Johan Grimonprez

Belgian filmmaker/artist Johan Grimonprez caused an international stir with his first feature dial H-I-S-T-O-R-Y (1997) after its premiere at Documenta X. An exploration into media's mutating collusion with mass perception, this dizzying chronicle of airplane hijacking eerily foreshadowed the events of 9/11.

His recent feature Double Take (2009) questions how our view of reality is held hostage by mass media, advertising, and Hollywood. Written by award-winning British novelist Tom McCarthy, the film targets the global rise of fear-as-commodity in a tale of odd couples and hilarious double deals. Grimonprez's work is an inspired media archaeology that can be envisioned as both the joyful affirmation of a global disengagement, as well as the catalyst of effervescent criticism.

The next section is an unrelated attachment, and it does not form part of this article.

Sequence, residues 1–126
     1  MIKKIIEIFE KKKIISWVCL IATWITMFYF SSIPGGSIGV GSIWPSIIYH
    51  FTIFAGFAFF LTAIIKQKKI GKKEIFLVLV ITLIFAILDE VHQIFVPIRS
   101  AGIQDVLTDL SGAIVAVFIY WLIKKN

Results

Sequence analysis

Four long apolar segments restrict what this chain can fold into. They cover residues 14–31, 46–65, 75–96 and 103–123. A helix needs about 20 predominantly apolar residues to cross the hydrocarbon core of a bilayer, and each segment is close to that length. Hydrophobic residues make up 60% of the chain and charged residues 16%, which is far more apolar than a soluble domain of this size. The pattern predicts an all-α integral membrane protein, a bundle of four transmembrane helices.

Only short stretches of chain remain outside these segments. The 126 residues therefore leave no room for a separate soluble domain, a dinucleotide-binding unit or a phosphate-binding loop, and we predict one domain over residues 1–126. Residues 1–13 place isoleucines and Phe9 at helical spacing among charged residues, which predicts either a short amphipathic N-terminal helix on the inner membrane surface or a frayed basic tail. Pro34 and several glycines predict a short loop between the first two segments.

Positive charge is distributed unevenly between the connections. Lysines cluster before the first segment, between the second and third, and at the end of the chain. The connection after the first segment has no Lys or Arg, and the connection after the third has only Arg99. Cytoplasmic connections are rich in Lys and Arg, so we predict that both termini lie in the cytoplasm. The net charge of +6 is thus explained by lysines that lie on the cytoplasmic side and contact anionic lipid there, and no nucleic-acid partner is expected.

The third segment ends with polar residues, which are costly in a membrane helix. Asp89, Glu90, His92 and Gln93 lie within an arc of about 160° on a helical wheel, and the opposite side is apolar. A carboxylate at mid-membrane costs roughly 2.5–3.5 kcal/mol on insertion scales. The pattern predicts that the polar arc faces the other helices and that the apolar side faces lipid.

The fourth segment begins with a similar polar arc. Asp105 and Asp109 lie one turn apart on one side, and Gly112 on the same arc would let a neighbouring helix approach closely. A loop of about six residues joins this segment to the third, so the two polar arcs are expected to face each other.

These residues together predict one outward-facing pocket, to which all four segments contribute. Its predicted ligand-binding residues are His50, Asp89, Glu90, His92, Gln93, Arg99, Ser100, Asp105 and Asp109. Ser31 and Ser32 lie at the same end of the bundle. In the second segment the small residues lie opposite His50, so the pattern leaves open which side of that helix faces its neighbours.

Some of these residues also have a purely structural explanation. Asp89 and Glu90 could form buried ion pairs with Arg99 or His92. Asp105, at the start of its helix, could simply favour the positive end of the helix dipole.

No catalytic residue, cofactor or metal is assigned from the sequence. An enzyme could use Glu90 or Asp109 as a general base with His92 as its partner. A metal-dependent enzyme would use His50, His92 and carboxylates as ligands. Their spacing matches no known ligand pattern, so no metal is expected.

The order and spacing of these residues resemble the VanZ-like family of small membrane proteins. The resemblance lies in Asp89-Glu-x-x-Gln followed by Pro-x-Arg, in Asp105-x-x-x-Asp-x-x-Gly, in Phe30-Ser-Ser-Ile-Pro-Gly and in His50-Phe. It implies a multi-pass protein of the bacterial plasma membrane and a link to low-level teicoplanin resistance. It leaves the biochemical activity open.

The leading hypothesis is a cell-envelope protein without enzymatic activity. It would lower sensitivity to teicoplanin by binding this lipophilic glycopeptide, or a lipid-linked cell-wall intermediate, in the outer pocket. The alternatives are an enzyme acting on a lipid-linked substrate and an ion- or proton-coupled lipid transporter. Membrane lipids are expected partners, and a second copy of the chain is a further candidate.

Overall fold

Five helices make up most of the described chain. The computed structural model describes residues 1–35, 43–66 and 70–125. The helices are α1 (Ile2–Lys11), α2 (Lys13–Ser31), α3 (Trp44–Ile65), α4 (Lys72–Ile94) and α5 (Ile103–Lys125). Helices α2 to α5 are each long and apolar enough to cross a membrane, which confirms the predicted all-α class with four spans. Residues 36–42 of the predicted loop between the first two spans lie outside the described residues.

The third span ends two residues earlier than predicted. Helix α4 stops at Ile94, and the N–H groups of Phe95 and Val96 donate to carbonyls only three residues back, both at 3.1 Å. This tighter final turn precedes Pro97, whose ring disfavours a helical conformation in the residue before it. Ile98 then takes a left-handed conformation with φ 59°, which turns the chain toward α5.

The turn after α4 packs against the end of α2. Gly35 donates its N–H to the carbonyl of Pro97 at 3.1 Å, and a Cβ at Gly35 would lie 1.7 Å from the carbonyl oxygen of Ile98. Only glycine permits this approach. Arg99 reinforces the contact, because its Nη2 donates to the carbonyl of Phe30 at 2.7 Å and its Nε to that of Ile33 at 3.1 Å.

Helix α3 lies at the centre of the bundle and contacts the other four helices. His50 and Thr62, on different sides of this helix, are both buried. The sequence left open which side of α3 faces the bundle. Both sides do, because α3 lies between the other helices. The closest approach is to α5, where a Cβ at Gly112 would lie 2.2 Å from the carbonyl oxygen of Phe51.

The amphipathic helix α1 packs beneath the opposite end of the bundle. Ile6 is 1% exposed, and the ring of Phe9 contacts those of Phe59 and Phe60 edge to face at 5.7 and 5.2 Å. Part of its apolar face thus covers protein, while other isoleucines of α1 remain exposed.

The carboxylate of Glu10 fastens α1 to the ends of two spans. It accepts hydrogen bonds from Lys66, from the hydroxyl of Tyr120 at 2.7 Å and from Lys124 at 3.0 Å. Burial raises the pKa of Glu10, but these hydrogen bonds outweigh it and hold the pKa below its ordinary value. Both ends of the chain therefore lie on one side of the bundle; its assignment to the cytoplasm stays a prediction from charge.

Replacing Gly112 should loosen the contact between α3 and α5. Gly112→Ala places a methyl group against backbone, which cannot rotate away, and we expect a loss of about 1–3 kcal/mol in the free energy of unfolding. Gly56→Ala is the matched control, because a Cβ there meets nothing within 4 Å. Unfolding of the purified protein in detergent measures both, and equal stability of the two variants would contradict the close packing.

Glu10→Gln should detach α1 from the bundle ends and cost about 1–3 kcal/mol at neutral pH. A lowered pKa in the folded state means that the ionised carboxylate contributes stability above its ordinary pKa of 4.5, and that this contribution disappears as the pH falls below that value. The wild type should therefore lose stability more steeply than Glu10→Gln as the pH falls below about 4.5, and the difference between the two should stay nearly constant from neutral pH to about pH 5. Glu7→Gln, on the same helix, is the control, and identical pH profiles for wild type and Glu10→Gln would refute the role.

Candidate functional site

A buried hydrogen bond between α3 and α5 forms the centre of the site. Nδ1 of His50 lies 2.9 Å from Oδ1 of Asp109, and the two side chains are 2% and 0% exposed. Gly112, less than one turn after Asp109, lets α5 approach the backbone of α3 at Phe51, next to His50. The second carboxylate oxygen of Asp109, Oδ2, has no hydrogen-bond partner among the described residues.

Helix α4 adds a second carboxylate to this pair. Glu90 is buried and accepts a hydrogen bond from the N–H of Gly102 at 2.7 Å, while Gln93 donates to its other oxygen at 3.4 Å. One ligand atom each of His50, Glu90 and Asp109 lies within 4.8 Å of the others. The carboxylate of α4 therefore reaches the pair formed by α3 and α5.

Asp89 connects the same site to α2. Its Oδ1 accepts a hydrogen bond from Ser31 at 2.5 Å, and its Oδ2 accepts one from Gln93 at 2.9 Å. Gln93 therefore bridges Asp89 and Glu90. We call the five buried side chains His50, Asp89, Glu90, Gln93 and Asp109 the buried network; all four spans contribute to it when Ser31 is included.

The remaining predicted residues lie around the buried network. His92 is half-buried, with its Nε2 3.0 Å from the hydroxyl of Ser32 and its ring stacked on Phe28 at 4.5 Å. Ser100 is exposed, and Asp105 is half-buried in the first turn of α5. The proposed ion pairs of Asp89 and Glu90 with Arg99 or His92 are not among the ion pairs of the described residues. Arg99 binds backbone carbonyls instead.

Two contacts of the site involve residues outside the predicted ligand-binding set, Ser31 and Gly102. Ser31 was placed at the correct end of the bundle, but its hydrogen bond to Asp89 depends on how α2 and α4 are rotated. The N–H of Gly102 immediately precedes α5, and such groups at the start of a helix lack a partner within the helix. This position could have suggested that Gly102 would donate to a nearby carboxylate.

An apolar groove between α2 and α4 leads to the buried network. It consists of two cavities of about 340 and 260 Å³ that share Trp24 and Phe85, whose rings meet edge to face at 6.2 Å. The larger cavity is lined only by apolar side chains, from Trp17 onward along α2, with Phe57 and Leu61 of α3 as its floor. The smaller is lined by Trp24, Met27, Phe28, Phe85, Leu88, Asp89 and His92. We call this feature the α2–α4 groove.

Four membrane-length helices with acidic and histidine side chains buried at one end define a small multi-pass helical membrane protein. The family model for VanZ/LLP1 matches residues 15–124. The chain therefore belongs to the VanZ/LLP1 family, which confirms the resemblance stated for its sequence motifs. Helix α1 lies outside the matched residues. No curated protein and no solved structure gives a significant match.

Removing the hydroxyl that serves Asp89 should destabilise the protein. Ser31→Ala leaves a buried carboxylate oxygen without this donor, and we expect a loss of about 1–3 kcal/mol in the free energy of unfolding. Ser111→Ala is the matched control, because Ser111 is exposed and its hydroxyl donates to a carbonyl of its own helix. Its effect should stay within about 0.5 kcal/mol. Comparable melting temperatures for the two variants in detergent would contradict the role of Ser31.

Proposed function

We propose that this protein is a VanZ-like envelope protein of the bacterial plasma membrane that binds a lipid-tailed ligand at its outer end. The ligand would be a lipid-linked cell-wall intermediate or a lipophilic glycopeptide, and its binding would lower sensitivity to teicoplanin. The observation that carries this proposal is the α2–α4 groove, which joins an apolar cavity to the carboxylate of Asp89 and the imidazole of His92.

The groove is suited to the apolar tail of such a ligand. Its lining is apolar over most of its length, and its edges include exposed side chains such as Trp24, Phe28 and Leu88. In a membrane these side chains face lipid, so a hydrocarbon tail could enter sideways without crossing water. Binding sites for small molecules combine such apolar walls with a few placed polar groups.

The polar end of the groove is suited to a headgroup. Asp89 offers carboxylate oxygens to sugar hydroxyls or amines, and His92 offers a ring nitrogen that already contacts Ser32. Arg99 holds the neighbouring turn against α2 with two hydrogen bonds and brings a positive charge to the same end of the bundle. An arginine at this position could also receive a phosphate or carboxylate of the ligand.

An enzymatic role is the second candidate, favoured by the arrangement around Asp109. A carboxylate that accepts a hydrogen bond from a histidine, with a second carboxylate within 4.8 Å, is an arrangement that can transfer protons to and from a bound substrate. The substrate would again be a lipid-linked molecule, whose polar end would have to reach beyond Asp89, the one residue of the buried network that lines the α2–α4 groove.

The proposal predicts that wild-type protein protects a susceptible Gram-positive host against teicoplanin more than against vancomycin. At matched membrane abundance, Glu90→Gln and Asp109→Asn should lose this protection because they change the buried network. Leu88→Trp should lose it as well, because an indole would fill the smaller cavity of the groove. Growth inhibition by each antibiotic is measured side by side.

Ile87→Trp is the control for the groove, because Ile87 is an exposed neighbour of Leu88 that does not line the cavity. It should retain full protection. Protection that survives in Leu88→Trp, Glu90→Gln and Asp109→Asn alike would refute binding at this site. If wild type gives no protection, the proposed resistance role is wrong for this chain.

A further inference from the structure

Traveling the main festival circuit from the Berlinale to Sundance, his critically acclaimed films have garnered Best Director Awards and were acquired by NBC UNIVERSAL, Arte, and Channel 4. In addition, his works are part of the permanent collections of the Tate Modern and the Centre Georges Pompidou, as well as having been exhibited worldwide. In 2011 Hatje/Cantz published a reader on his work called It’s A Poor Sort Of Memory That Only Works Backwards.


Lost Nation, January 1999

1999, 20:00 minutes, colour/B&W

Dial H-I-S-T-O-R-Y

1997, 68:00 minutes, colour/B&W

Kobarweng or Where is Your Helicopter?

1992, 24:00 minutes, colour/B&W

Critical Writing

Television, Outmoded Technologies, and the Work of Lana Lin
by Maeve Connolly. Moving Image Review & Art Journal, 2013, v. 2, no. 2.
by Leah Sandals. National Post, Jan. 17, 2008.
Violent signals: Inspired by war in the age of terror, this...
by Jade Colbert. The Varsity, Jan. 17, 2008.
Pumping up the Volume of Art
by Blake Gopnik. The Globe and Mail, Aug. 19, 1999.
dial H-I-S-T-O-R-Y
by Wilson Lee. Lola, Winter 1999, no. 5.
High-concept filmmaking on a low budget
by Robert Everett-Green. The Globe and Mail, Apr. 24, 1998.
Art of the Moment, Here to Stay
by Roberta Smith. The New York Times, Feb. 15, 1998.
Johan Grimonprez: Dial History
by Roberta Smith. The New York Times, Sept. 12, 1997.